Wednesday, December 11, 2013

Reflections on Fire

Reflections on Fire
by Caylin Spear

My version of the story is a lot less dramatic compared with the loss the owners of Hanapepe Naturals are enduring.  I lost about 15 paintings, maybe more, still not completely sure, in a fire that happened last week.  It has been a roller  coaster of emotions especially in dealing with the loss of the wax encaustic work.  I am still photographing and trying to figure out what to do with all the remains I salvaged from the fire.  In the mean time I have had over $200 in donations from my fellow Women Artist of Kauai sisters.  With this generosity I am able to buy enough material to replace most of the work.  The new series will be different of course, but maybe it will be better than before.  Now I just want to go to the dump with all of the stinky char broiled mess of paintings, but I will postpone that trip until I figure out if I could reseal the beeswax and preserve some of the interesting marks made in the wax from the fire damage.  I have learned about the impermanence of art and really life itself.  The constant circle of creation and destruction.  It is a reminder of the balance found in life.  So delicate and always changing.  Moral of the story: Get fire insurance!  Cheers to moving forward with even more beautiful images than those that were lost!


Monday, September 23, 2013

Ocean Movement, Final Thesis for MFA for non-figurative painting

Ocean Movement
Written Thesis
by Leslie Caylin Spear
The final thesis I have completed consists of twelve paintings that capture the movement of the ocean. Each painting is made using a wax encaustics (beeswax and damar resin mixture) with oil paints, iridescent and opaque oil pastels, and found beach objects such as driftwood, seashells, and sea glass on gessoed(with rabbit skin glue and marble dust) wooden panels. The purpose of this investigation is to gain a greater understanding of how to find balance within the movement of nature, specifically the ocean. My goal is to convey the feeling of serenity I find when completely surrounded by nature. This is a physical, mental, and spiritual place of healing for me, much like I find while painting and drawing. This body of work brings together two parts of my life – painting and surfing - that have led to positive growth and good health. “Ocean Movement” conveys my struggle to find peace in a seemingly chaotic world. It is my intention to help others cope with obstacles of life. 
My perspective on life is unique having been born missing my right leg. I have overcome my disability by finding strength in the ocean and peace through making art. Painting and surfing allow me to escape the physical and mental imbalance of living life with one leg. Each work in this thesis serves as a record of my journey to find healing. The compositions focus around the center of the wave, conveying a sense of calm in the eye of the “storm” of living. The circular compositions also refer to the cycle of life.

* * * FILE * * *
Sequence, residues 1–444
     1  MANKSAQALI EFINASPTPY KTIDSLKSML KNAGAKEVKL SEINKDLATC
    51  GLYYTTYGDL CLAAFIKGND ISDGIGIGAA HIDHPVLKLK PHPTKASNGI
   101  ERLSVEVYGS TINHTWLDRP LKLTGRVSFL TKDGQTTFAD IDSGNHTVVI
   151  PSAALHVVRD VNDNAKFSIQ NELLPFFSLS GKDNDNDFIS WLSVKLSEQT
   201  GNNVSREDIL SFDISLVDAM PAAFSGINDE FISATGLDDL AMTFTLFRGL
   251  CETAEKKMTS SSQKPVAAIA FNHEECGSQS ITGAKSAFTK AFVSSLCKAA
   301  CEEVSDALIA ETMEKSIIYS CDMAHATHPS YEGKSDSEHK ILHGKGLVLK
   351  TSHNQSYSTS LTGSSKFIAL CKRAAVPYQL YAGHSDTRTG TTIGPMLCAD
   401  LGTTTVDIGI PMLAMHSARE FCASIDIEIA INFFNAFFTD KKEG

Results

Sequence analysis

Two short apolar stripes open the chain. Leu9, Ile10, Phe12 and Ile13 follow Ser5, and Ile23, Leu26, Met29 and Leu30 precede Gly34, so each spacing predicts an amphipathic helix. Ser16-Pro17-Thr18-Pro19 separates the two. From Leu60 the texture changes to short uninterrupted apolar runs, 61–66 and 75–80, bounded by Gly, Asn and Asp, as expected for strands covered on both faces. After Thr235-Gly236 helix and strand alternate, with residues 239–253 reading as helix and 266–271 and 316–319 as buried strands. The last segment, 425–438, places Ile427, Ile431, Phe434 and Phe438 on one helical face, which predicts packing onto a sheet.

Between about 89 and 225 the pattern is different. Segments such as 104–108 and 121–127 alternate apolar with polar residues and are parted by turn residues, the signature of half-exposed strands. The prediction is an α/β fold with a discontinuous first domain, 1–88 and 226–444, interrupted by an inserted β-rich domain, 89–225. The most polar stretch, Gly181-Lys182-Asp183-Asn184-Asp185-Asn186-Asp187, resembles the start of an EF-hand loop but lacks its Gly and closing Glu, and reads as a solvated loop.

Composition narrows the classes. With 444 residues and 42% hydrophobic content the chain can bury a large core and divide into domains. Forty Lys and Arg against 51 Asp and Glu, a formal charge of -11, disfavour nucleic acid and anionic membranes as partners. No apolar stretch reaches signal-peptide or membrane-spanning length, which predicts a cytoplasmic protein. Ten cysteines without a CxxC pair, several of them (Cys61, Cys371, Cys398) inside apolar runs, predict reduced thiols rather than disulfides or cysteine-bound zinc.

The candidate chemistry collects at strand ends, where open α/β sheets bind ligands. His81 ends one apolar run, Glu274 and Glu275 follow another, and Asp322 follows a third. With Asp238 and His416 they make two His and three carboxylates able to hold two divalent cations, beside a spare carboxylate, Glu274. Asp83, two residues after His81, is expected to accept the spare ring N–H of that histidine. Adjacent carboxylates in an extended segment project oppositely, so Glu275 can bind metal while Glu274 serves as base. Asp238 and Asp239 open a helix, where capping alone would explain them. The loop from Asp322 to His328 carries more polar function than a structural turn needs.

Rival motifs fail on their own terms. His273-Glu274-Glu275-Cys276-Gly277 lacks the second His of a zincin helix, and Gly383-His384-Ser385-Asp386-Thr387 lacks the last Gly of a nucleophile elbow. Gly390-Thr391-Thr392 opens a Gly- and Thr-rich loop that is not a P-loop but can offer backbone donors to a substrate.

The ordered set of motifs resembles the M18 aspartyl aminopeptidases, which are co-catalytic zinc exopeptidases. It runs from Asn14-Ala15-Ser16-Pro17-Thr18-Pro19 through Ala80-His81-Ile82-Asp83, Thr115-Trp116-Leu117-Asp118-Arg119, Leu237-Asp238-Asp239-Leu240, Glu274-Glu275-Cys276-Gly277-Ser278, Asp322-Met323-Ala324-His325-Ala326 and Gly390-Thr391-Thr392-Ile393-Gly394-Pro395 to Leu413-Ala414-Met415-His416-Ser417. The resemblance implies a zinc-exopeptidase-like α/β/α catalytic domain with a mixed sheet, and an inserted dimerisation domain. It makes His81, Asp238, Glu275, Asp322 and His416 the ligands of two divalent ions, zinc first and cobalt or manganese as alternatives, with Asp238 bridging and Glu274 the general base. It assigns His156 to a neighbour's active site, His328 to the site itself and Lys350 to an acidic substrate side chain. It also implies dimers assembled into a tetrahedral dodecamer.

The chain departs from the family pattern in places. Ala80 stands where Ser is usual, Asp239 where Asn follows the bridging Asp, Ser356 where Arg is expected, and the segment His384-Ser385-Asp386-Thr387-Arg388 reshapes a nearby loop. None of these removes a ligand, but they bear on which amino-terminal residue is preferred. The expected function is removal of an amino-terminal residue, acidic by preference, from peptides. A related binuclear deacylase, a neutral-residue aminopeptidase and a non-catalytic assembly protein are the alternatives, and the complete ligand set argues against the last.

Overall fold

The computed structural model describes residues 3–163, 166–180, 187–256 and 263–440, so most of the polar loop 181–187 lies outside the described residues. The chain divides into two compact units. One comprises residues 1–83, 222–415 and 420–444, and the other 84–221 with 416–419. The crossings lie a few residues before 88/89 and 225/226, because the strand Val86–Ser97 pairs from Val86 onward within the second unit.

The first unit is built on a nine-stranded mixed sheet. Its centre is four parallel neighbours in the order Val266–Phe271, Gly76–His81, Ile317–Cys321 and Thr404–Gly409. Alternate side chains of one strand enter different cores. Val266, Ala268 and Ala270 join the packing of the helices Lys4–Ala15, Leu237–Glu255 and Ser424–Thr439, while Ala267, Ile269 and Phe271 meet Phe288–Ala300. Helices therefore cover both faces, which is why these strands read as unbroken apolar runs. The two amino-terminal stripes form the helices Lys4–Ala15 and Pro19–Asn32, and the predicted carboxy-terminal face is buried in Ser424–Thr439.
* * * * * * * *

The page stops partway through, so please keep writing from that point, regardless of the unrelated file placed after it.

While working with wax encaustics and mixed media oil paintings I have discovered joy in the freedom of using new and inventive media. It has taught me the value of experimentation while keeping the work fresh and exciting to me. Wax encaustics convey the watery layers of the ocean by allowing me to control the transparency of the colors depending on how much pigment is added. It lifts the oil paint, iridescent pastels, and found objects to the surface, much like the sea holds light and reflections of clouds from the sky. Wax encaustics also connect me with ancient history. It has survived much longer than oil painting on canvas. Creating a lasting painting with recognizable symbols is an important aspect of my work, just as ancient works have lasted thousands of years. 
I find a language for self expression with a gestural juxtaposition of shapes, colors, lines, and values. Working in abstract expressionism allows me to portray the ocean in ways that go beyond a realistic image. Painting expressively accentuates the motion of the lines and forms that emerge from the wave. Communicating emotions through colors, shapes, and movement releases my blocked energy, and healing occurs. 
The scale of my work ranges from small to large wooden panels and driftwood. Small paintings are often studies for large ones. Larger paintings allow me to magnify the feeling of each wave I have experienced. I work quickly, so it essential for me to have a variety of projects to work on in order to keep my interest. Circular rhythm in the brushstrokes emanate through each piece. The use of the spiral forms in my work is essential in conveying the feeling of a wave.